Backing Up Blind: Chrysler's Rear-Cross Path System at Work
On my last trip to the grocery store, I squeezed the large Chrysler 300 sedan into a less-than-large parking spot and ran in for some supplies, not giving the car or the spot a second thought. When I returned, it was flanked by an SUV and a pickup truck, blocking my view to the sides as I tried to back out.
I had two choices: Hold my breath and hope no one was charging down the aisle while I did the blind backup, or rely on the 300's Rear Cross Path detection system, which I was betting would be more effective at preventing accidents while in Reverse than simply crossing my fingers.
Rear Cross Path uses two bumper-mounted radar sensors to detect oncoming traffic and prevent a potential collision. If a car approaches from the either side, the driver hears a chime and sees an illuminated icon in the side mirror. Accident avoided.
The system was introduced in Chrysler's minivans in 2009, and then it trickled down to the rest of the lineup. It's even available in the new-for-2013 compact Dodge Dart sedan. Unfortunately, through, Rear Cross Path isn't a stand-alone option on the 300; it's available only in the Safetytec Package and not on base model 300s. The package costs $2,420 and includes other goodies like blind spot alert, a front- and rear-obstacle detection system, adaptive cruise control, adaptive and self-dimming bi-xenon headlights, and rain-sensing wipers.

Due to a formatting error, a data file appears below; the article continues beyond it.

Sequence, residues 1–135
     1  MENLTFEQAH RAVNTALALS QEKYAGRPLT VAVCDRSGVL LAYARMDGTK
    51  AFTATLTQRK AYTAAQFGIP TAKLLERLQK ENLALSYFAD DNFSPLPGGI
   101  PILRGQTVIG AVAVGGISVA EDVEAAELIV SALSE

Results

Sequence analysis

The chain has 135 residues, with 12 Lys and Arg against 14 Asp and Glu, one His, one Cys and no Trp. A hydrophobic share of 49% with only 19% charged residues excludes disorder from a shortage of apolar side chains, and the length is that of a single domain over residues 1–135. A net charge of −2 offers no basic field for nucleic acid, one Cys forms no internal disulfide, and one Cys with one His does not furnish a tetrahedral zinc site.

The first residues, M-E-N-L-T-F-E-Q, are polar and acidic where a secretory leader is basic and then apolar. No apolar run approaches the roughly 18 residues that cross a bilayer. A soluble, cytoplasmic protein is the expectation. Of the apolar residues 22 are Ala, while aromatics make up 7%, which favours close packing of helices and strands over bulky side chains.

Rear Cross Path automatically engages as soon as the car is in Reverse. It's unnerving to rely solely on technology to be your eyes while backing up, but the rearview camera also helps, providing a view straight back. Luckily, this time no one was coming while I inched out. But if someone had been, I was prepared.